I was maybe sixteen years old, and I was running my ass off. Sweat poured down my face. My heart was battering its way out of my chest. My legs were begging me to stop, but I couldn’t. I wouldn’t.
Fifteen minutes earlier, a friend had called me on the phone.
“Dude, do you have HBO?”
“I saw on TV Guide that a George Carlin special is playing.”
“No shit! Who do we know that has HBO?”
We only knew one. She lived about a mile from me and would be happy to record the show for us —but she didn’t have any blank tapes. I grabbed the first VHS I could find and bolted out my door.
I was ten minutes late, but I handed her the tape and limped back to my house, looking forward to another hour of Carlin. I never doubted that it’d be worth it, not even after puking on my way home.
That’s how much we loved George.
In my house at the turn of the millennium, George Carlin became Aesop. He was Plato. He was Mark Twain. He was the funniest man we had ever seen, and the smartest. My brothers, my friends, and I—a precocious and rambunctious bunch of artists and musicians—studied his every bit and routine. The cadence of his speech. The viciousness of his attacks on hypocrisy, irrationality, and greed. We were drawn to his honesty and intellectual integrity. His wit and charm. His filthy, filthy mouth. And we always, always split our sides laughing.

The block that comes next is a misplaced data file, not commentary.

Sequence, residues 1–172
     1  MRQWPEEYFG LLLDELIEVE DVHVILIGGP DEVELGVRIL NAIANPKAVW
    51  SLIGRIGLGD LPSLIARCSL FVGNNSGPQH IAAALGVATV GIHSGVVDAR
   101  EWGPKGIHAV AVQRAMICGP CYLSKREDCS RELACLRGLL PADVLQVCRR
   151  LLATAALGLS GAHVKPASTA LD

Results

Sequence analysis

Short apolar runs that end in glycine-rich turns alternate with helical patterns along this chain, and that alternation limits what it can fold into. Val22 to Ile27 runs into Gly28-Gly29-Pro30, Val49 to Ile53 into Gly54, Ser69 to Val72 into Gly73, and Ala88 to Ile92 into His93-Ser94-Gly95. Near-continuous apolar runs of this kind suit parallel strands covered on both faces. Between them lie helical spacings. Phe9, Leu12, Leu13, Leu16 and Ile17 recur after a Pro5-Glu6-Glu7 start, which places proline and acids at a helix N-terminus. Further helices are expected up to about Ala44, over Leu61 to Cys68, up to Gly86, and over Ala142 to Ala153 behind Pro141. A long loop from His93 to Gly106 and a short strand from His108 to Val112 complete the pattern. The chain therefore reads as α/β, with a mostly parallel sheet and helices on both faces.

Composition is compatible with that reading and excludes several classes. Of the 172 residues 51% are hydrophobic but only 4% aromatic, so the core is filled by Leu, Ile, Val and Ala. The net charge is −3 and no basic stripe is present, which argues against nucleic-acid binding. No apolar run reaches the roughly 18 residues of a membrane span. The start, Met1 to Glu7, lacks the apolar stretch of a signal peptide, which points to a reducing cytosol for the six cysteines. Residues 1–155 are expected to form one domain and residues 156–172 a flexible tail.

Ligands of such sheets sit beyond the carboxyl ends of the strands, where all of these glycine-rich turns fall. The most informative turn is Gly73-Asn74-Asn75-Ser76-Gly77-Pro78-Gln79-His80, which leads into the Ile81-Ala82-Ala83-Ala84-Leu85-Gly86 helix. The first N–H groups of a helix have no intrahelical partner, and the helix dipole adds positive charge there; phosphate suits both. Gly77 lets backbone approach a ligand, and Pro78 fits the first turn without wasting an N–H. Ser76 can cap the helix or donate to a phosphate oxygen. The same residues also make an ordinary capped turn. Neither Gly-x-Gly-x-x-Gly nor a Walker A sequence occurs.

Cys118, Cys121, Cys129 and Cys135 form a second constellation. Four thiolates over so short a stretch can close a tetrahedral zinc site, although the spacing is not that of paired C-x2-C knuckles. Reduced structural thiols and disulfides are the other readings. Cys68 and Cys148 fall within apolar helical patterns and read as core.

Listening to George was when we first heard our side of the argument. It was the first time these feelings inside of us—this bubbling mire of anger and disenfranchisement, of being maligned and misunderstood—were articulated.
We’d sit and listen to him and feel edified.
We were not alone.
George Carlin knew.
In the ensuing years, I became fearless and honest. I challenged my superiors. I challenged the rules. I challenged religion and god. George lit a fire. He influenced my politics and my moral philosophy. He reinforced my love of language and my loathing for its misuse. He made me feel that there was no need to be afraid, and that speaking the truth to power was a virtue. There didn’t seem a subject or issue that he hadn’t tackled and found the perfect words to encapsulate his thoughts on. I admired his command of the language, his craftiness, his poetry, his mind. I hung on his every word, hoping to squeeze out his intellect and absorb it. George was my guru.
When he died, I wept as though I’d lost a father. Even at 71, it was too soon. I wasn’t done learning yet. I knew he had more to tell us, and I wanted to hear it all. My single greatest regret was that I never got to meet him. Over the years I had thought long and hard about what I would tell him if we ever crossed paths.
I recalled an interview, where Jim Norton asked George if his goal was to make people think. “No,” he said. “I don’t care if I make people think; I just want them to know that I’m thinking.”
What I would have told George, if I’d had the chance, was this:
“I just want you to know that I’m thinking, and that it’s all because of you.”